Psychotherapy is a process that helps people resolve their emotional problems, usually through the self-awareness that is gained in a therapeutic relationship.
As there is no primary or independent profession of psychotherapy, psychotherapists enter and practice it from one of several related disciplines or fields – medicine, psychology, clergy, psychiatric nursing, social work, education, MFT, mental health counseling, clinical pastoral education, among others.
Each profession approaches psychotherapy with different natures and degrees of expertise as well as with different perspectives (e.g. medicine through the physical body, psychology through the personality, social work through social dynamics, clergy through spirituality).
The choice you make of the type of psychotherapist to work with can determine the fulfillment of your needs and outcome of psychotherapy.
People with a wide range of problems — from depression to marital strife to simple phobias like the fear of flying — can reap the benefits of psychotherapy.
The common reasons you might seek therapy are listed below.
Significant or Chronic Emotional Distress
Most people seek therapy — or any professional treatment, for that matter — to relieve pain or distress. Experiencing emotional pain is part of being human. But sometimes this distress is severe or long-standing and it could impair your daily life. Therapy might be appropriate for you if you feel emotional distress — sadness, anxiety, grief — that is persistent and troubling.
Often, emotional distress comes from difficulty in relationships. Troubled relationships may involve a spouse, parent, child, coworker or significant other. Therapy can help you understand the root of the problem and provide you with the tools you need to correct it.
Some emotional distress or relationship problems are associated with the lack of a particular skill. Such problems can include excessive shyness, poor communication, lack of assertiveness or poor anger control. Many types of psychotherapy enable people to acquire or improve these skills. In these cases, the treatment focuses on teaching people to be able to do what they need to do to feel better.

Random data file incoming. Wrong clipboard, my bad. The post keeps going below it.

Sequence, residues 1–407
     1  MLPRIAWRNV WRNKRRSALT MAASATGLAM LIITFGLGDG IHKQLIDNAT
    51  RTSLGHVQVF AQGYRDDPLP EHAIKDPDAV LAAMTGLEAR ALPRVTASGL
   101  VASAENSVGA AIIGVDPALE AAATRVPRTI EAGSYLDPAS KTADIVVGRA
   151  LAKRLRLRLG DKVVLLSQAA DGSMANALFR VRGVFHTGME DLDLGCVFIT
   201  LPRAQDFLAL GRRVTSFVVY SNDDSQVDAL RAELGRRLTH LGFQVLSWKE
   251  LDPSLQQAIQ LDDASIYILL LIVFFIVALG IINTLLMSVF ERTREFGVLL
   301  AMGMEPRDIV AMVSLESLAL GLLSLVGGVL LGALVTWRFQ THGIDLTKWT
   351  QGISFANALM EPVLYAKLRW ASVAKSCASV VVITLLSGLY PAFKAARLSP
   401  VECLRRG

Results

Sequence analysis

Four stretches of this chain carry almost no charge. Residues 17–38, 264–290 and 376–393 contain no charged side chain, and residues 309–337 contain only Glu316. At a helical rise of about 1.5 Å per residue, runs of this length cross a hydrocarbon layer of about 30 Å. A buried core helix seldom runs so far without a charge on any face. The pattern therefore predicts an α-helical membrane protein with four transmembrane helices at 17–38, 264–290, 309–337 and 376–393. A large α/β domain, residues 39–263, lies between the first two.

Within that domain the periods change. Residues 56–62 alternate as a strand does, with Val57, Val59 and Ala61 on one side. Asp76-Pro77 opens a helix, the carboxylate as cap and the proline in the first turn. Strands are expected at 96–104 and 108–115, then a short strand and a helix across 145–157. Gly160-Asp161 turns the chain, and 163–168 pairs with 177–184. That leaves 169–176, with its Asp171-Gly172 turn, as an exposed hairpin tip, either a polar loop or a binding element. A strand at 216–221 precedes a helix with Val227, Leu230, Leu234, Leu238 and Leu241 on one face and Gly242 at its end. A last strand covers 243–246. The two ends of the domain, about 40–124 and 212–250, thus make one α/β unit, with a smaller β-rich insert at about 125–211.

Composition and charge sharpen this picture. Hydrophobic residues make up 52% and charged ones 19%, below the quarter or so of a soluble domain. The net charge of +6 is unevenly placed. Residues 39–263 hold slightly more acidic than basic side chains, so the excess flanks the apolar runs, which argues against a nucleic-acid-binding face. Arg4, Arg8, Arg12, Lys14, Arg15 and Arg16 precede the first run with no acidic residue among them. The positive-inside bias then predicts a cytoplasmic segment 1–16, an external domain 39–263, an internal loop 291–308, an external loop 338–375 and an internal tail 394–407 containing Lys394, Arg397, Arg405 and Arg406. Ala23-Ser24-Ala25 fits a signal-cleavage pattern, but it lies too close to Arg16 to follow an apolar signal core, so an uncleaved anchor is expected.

Sexual dissatisfaction and dysfunction are common problems that can be embarrassing to talk about. Over the last several decades, therapists have made substantial progress in helping people obtain the most enjoyment out of their sexual functioning.
Powerful attachments to others are uniquely human experiences. Enduring breaks in these attachments — through death or separation — can result in great emotional pain. Psychotherapy can help you cope with the loss.
Victim of Trauma or Abuse
Being the victim of physical or sexual abuse, or another form of violence, such as being in an automobile accident, can overwhelm your capacity to cope and leave scars that impair your ability to live a normal life. Psychotherapy can provide a confidential arena to discuss these issues with a caring, supportive person. By focusing on healing the wound caused by the trauma, psychotherapy can help you move forward with your life.
A Clinical Disorder or Addiction
Persons with certain disorders or conditions can benefit from regimens that include psychotherapy and other forms of treatment, such as medication. For example, research shows that individuals with conditions such as major depression or bipolar disorder benefit from a combination of psychotherapy and medication. One type of treatment without the other might produce inadequate results.
Though you might not have clinical conditions or symptoms, psychotherapy can help you learn more about yourself and others and teach you how to control your life more effectively. It can help you overcome obstacles that have kept you from reaching your goals and becoming the person you want to be.